And rigor. That's a tough word. I'll leave the arguments about rigor - and its etymology - to others. I'll repeat something I heard Dean Shareski say on Techlandia a couple months ago: do we want school to be hard for kids all the time? How brutal would your day be, how much would you dislike school, if it was difficult all the time?

To answer the prompt though. Challenge and curiosity - which I'm happier to talk about - sound loud in my classroom. Challenge and curiosity sound like kids talking and doing and disagreeing. Challenge and curiosity involve choice over what is learned and how that learning is demonstrated.

Appropriate challenge and curiosity should drive education - not rigor and engagement.


More information on #youredustory can be found here. Consider joining in the fun!

Thursday, April 16, 2015

#youredustory, Week 15: End of the Year Difficulties for Students

Prompt: Spring can be a tough time for teachers (with a stretch until spring break and then after it before summer). How do you help morale on campus as tiredness sets in and the kids get squirrely?

I think that there are a lot of ways to support students as the year winds down. Though it is true - kids get squirrely - it is also true that kids get stressed out.

As the semester winds down, more and more students get concerned with their grades. This isn’t pressure that I’m applying - I regularly tell kids that grades are dumb and they should focus on learning and enjoying school. That’s a tough message for them to digest though, with outside pressure from friends and parents to ‘do well’.

Because of these pressures, this is a time of year that kids can start to break down.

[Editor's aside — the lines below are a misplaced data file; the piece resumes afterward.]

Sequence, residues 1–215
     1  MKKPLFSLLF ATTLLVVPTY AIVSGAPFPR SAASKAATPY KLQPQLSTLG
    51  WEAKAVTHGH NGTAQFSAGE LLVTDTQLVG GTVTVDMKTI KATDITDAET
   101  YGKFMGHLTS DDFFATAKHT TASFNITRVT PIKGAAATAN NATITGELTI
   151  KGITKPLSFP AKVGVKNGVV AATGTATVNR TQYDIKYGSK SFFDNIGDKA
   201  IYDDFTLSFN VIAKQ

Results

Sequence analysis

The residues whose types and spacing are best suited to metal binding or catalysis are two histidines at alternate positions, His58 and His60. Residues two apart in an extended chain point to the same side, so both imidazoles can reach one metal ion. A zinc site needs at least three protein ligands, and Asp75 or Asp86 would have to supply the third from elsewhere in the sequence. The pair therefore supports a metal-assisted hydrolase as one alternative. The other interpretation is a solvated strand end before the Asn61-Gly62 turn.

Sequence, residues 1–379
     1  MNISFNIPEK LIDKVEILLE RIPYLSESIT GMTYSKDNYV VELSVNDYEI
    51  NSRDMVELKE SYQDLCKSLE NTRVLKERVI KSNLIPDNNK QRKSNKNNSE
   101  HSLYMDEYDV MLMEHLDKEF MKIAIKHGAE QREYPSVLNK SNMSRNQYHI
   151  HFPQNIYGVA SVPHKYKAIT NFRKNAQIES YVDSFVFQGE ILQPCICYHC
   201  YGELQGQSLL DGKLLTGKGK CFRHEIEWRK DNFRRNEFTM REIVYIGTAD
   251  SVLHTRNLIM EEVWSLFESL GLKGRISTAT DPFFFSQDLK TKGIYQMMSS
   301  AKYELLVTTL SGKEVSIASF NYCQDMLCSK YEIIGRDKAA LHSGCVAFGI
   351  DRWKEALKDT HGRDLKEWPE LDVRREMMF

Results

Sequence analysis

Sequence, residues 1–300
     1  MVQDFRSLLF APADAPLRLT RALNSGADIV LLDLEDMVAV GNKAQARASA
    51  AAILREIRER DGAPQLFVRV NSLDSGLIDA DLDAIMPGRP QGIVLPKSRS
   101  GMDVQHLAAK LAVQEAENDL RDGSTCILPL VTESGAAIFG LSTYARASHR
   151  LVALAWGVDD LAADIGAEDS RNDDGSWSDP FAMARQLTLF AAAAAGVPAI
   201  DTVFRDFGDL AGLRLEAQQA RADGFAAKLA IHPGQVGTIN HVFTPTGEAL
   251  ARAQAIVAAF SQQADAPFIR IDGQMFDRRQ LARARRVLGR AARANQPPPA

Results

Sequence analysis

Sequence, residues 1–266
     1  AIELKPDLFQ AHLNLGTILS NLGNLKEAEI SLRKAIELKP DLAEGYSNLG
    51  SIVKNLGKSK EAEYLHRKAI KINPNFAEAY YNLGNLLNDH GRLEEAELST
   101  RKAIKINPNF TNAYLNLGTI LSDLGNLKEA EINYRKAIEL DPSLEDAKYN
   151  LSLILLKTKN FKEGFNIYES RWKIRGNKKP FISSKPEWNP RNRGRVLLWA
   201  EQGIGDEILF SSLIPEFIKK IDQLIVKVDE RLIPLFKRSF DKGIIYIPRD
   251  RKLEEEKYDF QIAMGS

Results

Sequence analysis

Autumn Screaming by Melissa Segal from flickr

By this point in the year, you’ve spent a lot of time and energy getting to know your students. This is a time of year when this knowledge of your kids, when the relationships that you’ve developed, can pay dividends.

In this chunk of the year, you should know what your students’ baseline is: what they are like from day to day. You also should then know what days they are off. That’s where leveraging those relationships, that knowledge of your students, comes in.

As a high school teacher, when these pressures become more magnified, it becomes vitally important to listen and hear and see how kids are doing and what they are saying and thinking - or NOT doing and saying and thinking. And more importantly, it becomes vital to act when things aren’t as they normally are.

This might be a conversation with a kid during a prep period. It might be a small group conversation. It might even be a day where you ditch your curriculum and you go outside and have a conversation with all the kids in your class about what they’re stressing about and what you and they need to do to move forward and have a successful end to the year.

It’s this stance of knowing your kids and being willing to put the time and energy into them as some of them start to break down that to me is vitally important this time of year.

One of the best days of class I had last year involved ditching the curriculum for the day and going down to the football field. Kids had come into class that week stressed out, but that day seemed especially bad. We lay on the field and took some deep breaths. We talked about what the kids were stressed about. We troubleshot the most vital steps for kids to take that week and subsequent weekend to feel like they made some progress.